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BACKGROUND: Quetiapine is an atypical antipsychotic that can stabilise mood from any index episode of bipolar disorder. This study investigated the effects of seven-day quetiapine administration on sleep, circadian rhythms and emotional processing in healthy volunteers. METHODS: Twenty healthy volunteers received 150 mg quetiapine XL for seven nights and 20 matched controls received placebo. Sleep-wake actigraphy was completed for one week both pre-dose and during drug treatment. On Day 8, participants completed emotional processing tasks. RESULTS: Actigraphy revealed that quetiapine treatment increased sleep duration and efficiency, delayed final wake time and had a tendency to reduce within-day variability. There were no effects of quetiapine on subjective ratings of mood or energy. Quetiapine-treated participants showed diminished bias towards positive words and away from negative words during recognition memory. Quetiapine did not significantly affect facial expression recognition, emotional word categorisation, emotion-potentiated startle or emotional word/faces dot-probe vigilance reaction times. CONCLUSIONS: These changes in sleep timing and circadian rhythmicity in healthy volunteers may be relevant to quetiapine's therapeutic actions. Effects on emotional processing did not emulate the effects of antidepressants. The effects of quetiapine on sleep and circadian rhythms in patients with bipolar disorder merit further investigation to elucidate its mechanisms of action.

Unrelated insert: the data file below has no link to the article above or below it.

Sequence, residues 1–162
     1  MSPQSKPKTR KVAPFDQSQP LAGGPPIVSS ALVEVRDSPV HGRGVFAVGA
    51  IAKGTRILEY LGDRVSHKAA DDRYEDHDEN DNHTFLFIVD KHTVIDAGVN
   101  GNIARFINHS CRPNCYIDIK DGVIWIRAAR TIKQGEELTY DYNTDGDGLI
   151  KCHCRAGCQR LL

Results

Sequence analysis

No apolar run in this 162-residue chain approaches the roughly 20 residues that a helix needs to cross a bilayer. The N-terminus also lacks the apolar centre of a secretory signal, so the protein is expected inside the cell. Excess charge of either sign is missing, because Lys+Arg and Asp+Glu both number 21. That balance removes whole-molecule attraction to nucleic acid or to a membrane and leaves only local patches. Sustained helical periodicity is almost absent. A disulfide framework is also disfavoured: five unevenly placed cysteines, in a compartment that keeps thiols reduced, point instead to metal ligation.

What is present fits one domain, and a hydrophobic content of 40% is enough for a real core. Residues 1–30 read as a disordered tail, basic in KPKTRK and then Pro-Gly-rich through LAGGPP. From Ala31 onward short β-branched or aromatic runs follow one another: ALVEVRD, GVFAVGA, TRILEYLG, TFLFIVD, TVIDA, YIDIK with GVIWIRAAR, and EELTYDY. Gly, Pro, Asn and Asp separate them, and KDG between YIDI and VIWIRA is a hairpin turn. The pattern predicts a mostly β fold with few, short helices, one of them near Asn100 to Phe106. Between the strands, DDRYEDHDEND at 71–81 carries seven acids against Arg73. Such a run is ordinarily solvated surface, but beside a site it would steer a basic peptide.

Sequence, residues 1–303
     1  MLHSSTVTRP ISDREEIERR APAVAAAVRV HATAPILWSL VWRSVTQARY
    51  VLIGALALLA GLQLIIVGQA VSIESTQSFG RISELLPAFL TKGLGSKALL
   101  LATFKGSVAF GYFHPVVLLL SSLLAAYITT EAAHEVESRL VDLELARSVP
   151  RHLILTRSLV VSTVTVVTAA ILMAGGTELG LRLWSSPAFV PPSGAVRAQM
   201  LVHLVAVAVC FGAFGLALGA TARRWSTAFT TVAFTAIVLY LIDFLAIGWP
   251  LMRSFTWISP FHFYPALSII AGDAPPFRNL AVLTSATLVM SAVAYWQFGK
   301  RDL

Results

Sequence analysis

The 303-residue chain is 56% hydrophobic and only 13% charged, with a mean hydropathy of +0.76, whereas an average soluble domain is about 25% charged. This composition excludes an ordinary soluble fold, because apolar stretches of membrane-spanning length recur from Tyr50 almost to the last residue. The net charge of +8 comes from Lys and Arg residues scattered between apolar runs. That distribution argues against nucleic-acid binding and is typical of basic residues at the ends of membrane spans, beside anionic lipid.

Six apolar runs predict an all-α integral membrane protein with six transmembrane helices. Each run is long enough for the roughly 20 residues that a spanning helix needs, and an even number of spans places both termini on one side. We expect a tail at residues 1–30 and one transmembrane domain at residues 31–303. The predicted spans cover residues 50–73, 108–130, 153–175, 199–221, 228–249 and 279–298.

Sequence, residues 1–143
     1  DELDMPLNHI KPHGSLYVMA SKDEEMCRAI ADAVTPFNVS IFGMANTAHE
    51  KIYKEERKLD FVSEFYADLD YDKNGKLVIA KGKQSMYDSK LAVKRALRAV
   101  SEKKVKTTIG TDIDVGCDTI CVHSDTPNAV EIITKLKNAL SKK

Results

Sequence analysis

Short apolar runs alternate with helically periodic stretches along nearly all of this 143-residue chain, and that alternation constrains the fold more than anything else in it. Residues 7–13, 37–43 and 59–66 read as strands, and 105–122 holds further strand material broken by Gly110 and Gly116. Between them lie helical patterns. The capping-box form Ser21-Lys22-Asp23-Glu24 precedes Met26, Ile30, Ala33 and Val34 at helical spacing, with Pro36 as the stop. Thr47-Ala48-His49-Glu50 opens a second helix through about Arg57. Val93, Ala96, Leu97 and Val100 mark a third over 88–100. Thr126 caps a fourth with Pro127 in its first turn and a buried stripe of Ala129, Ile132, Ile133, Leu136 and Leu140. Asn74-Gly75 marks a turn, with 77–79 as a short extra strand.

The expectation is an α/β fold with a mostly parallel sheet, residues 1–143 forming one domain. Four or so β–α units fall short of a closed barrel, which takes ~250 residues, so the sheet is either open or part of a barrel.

Original publication

DOI

10.1177/0269881115626336

Type

Journal article

Journal

J Psychopharmacol

Publication Date

03/2016

Volume

30

Pages

273 - 282

Keywords

Quetiapine, bipolar disorder, circadian rhythm, emotion processing, sleep, Adolescent, Adult, Affect, Antidepressive Agents, Antipsychotic Agents, Bipolar Disorder, Circadian Rhythm, Emotions, Facial Expression, Female, Healthy Volunteers, Humans, Male, Memory, Quetiapine Fumarate, Reaction Time, Sleep, Sleep Wake Disorders, Young Adult